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ABA commission marks 20 years fighting against domestic and sexual violence

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Roberta Ramo

Roberta Cooper Ramo: “I could not be more proud of anything I’ve ever been associated with.” Photo courtesy of Roberta Cooper Ramo.

Three events made 1994 a watershed year for raising public awareness about the widespread but largely unacknowledged problem of domestic violence.

One of the events ignited a firestorm of media coverage. In June, O.J. Simpson was arrested in the murder of his ex-wife, Nicole Brown Simpson, and her friend Ronald Goldman. In a scenario that would repeat itself in future years, Simpson had gained fame as a running back at the University of Southern California and in the National Football League. He parlayed his popularity as an athlete into careers in film and television, sports commentary and commercials. After a trial that mesmerized the country for months, Simpson was acquitted of the murder charges in October 1995. (Simpson now is serving a prison sentence in Nevada after being convicted in 2008 on unrelated charges of stealing sports memorabilia from a Las Vegas hotel room.)

But while media coverage often made domestic violence an adjunct of the Simpson trial, 1994 also was the year in which Congress took action to address the problem in a substantive way when it passed the Violence Against Women Act. The act, which was drafted by the office of then-Sen. Joseph R. Biden Jr., D-Del., with support from a number of advocacy groups, has become the centerpiece of the federal government's commitment to combating domestic violence, dating violence, sexual assault, stalking and other violent crimes against intimate partners. When Congress reauthorized VAWA in 2013, it expanded the scope of its protections to American Indians, campus victims, and victims who are lesbian, gay, bisexual or transgender.

And 1994 was the year in which ABA President-elect Roberta Cooper Ramo made domestic violence a high priority for the association and the legal profession. Ramo, who became the first woman to serve as ABA president in 1995, says her interest in the issue was triggered when her husband, Barry Ramo, a physician and medical affairs reporter, wrote an article describing new guidelines doctors could use to detect and discuss domestic violence with patients.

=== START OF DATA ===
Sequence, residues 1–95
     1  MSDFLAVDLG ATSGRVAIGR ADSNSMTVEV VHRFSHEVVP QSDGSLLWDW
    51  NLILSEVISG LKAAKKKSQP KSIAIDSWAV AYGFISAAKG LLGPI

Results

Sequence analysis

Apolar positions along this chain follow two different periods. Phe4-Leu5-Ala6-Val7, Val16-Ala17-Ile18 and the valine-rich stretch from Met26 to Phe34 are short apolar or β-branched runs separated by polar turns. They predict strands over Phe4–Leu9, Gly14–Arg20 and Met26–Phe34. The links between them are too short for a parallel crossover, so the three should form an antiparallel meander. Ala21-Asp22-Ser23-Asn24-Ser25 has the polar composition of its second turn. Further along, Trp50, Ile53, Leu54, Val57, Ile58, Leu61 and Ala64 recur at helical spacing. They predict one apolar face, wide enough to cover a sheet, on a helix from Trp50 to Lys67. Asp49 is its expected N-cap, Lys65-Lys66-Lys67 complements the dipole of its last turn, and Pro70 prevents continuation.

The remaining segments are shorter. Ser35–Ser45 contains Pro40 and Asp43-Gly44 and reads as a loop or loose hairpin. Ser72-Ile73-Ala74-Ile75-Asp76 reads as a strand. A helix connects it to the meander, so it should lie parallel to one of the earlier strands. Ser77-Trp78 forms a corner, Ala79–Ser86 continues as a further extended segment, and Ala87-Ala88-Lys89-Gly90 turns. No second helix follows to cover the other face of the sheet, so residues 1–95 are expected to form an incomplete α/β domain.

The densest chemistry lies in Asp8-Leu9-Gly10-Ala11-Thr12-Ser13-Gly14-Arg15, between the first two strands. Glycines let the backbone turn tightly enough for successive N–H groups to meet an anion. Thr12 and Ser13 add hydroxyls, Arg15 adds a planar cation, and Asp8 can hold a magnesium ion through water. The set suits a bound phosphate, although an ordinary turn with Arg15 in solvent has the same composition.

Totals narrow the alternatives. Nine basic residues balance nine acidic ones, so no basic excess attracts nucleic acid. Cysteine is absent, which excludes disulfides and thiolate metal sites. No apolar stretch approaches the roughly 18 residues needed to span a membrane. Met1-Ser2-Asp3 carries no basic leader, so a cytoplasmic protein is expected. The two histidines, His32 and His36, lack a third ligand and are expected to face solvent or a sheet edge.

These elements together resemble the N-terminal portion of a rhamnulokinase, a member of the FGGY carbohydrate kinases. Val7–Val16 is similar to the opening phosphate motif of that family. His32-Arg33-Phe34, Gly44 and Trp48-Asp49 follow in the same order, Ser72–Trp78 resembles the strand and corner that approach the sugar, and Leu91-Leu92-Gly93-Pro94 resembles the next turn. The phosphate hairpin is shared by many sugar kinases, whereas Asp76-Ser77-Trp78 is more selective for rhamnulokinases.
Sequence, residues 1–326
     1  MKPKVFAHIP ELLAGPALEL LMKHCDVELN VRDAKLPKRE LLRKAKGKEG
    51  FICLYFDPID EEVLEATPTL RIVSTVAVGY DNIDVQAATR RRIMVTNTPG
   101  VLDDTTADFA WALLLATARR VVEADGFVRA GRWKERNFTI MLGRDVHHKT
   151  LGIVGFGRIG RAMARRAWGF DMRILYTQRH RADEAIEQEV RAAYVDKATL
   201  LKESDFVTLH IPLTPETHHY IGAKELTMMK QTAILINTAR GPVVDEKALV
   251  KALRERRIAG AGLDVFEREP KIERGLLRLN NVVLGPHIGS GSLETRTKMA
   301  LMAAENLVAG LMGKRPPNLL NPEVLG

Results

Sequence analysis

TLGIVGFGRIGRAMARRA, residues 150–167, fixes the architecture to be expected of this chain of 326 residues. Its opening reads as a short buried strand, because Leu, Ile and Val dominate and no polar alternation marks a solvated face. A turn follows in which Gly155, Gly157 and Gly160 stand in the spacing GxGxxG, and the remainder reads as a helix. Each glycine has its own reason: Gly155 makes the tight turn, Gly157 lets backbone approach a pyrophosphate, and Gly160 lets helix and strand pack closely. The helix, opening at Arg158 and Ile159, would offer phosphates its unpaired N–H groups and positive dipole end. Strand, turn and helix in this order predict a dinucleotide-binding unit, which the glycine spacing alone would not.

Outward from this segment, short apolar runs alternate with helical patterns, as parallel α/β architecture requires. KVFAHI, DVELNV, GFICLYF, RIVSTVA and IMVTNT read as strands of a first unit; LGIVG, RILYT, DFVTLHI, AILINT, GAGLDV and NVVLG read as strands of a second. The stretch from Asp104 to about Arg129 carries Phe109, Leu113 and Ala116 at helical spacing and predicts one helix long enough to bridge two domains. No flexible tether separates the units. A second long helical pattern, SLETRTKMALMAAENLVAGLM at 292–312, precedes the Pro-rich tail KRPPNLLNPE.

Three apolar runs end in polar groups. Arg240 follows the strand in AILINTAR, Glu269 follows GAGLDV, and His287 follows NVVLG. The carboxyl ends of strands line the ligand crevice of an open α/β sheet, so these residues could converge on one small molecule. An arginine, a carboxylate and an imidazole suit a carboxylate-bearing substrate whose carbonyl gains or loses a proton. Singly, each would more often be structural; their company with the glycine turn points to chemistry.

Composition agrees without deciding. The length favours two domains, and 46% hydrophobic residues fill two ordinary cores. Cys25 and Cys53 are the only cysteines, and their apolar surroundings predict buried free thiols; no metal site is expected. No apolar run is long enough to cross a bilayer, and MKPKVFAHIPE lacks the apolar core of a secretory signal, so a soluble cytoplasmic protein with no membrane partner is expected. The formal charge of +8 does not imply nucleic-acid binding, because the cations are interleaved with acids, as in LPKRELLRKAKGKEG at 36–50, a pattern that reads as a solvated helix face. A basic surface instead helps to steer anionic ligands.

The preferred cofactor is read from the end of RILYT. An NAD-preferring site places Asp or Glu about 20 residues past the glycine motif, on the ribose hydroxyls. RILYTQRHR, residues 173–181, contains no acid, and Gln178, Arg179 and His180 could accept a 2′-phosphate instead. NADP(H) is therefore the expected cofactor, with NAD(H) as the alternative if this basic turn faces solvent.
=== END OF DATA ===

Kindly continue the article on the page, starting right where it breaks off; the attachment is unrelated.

"What I realized after my husband's investigation is that, really, lawyers had not mobilized in the way physicians had to deal with domestic violence," says Ramo, a shareholder at Modrall Sperling in Albuquerque, New Mexico.

In one of her key initiatives, Ramo created the Commission on Domestic and Sexual Violence, which came into existence in 1994. Its early efforts centered on developing an interdisciplinary approach to dealing with the issue, helping lawyers to recognize domestic violence and producing materials to help children cope with the fallout of domestic violence.

A Disney Co. executive who was an early commission member helped it produce a video aimed at children who witness or suffer domestic violence, and who often believe it's their fault. Starring Ben Savage of the sitcom Boy Meets World, the video sought to correct this belief and teach children how to stay safe. It was distributed to shelters, police and prosecutors' offices.